A group of scientists suggest that nearly a third of the million COVID-19 deaths in the U.S. could have been prevented if more people had chosen to get vaccinated. Even though the unvaccinated continue to make up a majority of COVID-19 cases and related hospitalizations, the number of Americans who say they won’t get a COVID-19 vaccine has remained steady for almost a year. One in three states have fully vaccinated less than 60% of their eligible populations. READ MORE about lives saved.
Pregnancy-related misinformation about the vaccines persists
Misinformation has hindered vaccine uptake among pregnant women. A recent poll found that one in seven adults (14%) have heard that pregnant women should not get the COVID-19 vaccine and believe it to be true, rising to nearly one in four (24%) among women who are pregnant or planning to become pregnant. Though the CDC recommends COVID-19 vaccines for pregnant people, about 30% of pregnant women in the United States remain unvaccinated. READ MORE about this lingering misinformation.
CDC Drops Remaining Countries from its ‘Do Not Travel’ List
The CDC updated its international COVID-19 travel advisory system, dropping all countries from their highest-risk category. The CDC removed all destinations from under its “Level 4: Special Circumstances/Do Not Travel” designation, which warns travelers to avoid nonessential travel due to very high levels of coronavirus cases. Over 100 countries are now in the Level 3 category known as “High Risk.” The CDC urges people who are not up to date on their vaccines to avoid travel to these countries. READ MORE about the change in travel advisory.
All adults 50 and older and all immunocompromised people 12 and older should get a second booster shot 4 months after their first booster shot. People who received the J&J (Janssen) vaccine as their primary series and first booster shot may get a second booster shot of an mRNA vaccine 4 months after their first. Only these three populations are currently eligible to receive a second booster shot. READ MORE about the latest booster recommendation.
Power of the Booster
Three studies published by the CDC show that a COVID-19 booster shot provides the best protection against the Omicron variant and the new subvariant. One of the studies found that the booster shot was 90% effective at preventing COVID-19-associated emergency department or urgent care visits and hospitalizations during both the Delta and Omicron surges. All three studies found that unvaccinated people faced the highest risks of becoming sick with COVID-19. These findings highlight the importance of staying up to date on COVID-19 vaccination. READ MORE about the power of the booster…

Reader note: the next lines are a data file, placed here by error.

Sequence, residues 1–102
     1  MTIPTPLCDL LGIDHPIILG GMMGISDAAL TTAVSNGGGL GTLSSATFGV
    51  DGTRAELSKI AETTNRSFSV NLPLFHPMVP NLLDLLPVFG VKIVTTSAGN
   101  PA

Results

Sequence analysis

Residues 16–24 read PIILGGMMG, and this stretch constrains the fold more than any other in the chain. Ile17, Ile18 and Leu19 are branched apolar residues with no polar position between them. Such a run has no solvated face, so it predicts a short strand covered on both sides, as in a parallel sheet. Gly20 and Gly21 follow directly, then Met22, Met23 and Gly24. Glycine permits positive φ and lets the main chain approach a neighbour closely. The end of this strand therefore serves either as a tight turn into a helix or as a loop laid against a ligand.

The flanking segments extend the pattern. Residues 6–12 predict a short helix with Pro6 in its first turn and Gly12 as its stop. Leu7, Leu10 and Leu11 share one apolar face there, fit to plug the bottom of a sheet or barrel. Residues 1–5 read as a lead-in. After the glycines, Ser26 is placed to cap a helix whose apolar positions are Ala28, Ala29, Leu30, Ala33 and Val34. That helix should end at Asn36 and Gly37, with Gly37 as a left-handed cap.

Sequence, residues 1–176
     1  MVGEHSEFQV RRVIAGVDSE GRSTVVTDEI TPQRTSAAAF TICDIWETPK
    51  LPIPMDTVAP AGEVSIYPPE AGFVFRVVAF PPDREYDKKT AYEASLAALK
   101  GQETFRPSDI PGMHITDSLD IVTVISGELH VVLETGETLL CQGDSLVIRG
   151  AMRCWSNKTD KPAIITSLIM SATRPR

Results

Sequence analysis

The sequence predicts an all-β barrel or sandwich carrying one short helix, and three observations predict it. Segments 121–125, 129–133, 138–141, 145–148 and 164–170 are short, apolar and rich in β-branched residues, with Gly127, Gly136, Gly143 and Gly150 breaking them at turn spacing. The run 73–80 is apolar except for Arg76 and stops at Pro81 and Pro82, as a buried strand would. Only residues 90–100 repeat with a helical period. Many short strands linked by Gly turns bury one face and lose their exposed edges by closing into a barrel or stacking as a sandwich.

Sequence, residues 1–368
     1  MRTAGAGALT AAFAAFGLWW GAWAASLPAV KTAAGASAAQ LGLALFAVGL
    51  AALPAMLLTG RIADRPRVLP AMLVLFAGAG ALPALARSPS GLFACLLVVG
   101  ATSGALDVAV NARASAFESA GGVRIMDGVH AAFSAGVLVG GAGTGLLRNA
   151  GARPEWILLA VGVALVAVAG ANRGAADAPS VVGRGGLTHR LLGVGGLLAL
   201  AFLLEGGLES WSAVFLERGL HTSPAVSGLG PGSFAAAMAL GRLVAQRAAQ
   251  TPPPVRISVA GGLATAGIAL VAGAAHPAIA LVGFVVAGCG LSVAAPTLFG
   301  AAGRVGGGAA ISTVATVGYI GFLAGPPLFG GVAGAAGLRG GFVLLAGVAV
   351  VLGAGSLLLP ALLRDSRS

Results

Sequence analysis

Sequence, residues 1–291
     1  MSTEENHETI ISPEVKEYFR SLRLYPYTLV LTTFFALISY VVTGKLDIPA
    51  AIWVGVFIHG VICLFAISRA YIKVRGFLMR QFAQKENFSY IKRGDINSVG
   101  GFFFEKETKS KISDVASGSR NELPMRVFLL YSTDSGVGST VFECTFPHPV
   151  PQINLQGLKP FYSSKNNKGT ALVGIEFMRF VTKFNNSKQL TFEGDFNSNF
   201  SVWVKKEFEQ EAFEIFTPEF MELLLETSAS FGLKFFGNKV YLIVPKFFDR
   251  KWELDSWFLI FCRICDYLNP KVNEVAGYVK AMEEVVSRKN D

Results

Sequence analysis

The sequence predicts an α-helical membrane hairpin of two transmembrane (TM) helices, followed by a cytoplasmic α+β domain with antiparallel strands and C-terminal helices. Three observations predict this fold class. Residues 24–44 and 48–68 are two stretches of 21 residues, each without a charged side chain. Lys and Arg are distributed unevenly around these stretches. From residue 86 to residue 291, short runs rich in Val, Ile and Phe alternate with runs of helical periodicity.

Urging Vaccinations for Children
The CDC now recommends that all children 6 months through 5 years of age should receive a COVID-19 vaccine. This expands eligibility for vaccination to nearly 20 million additional children and means that all Americans ages 6 months and older are now eligible for vaccination. Parents and caregivers can now get their children 6 months through 5 years of age vaccinated with the Pfizer-BioNTech or Moderna vaccines to better protect them from COVID-19. READ MORE about the recommendation.
The CDC recommends that all children between the ages of 5 and 11 years old receive a booster shot of the Pfizer-BioNTech vaccine at least 5 months after they’ve completed their primary series. All Americans over the age of 5 are now recommended to receive their first booster shot after a certain amount of time has passed (2 months for J&J recipients, 3 months for immunocompromised people 5 years old and older, and 5 months for everyone else). READ MORE about the booster recommendation for children.
As of February 2022, about 75% of children in the U.S. had antibodies showing that they were previously infected with COVID-19, with 33% of new infections occurring since December 2021. Most COVID-19 infections analyzed in this study between September 2021 and February 2022 were in age groups with the lowest vaccination coverage. These findings illustrate a high infection rate for the Omicron variant, especially among children, and the benefits of vaccination. READ MORE about COVID and children at risk.
The Latest on Long COVID-19 and its Treatments
The post-acute complications of coronavirus disease 2019 or “long COVID-19” are anticipated to substantially alter the lives of millions of people globally. COVID-19 is predicted to alter the long-term trajectory of many chronic cardiac diseases which are abundant in those at risk of severe disease. A new study proposes a possible model for referral of post-COVID-19 patients to cardiac services and discusses future directions for research. READ MORE about long COVID…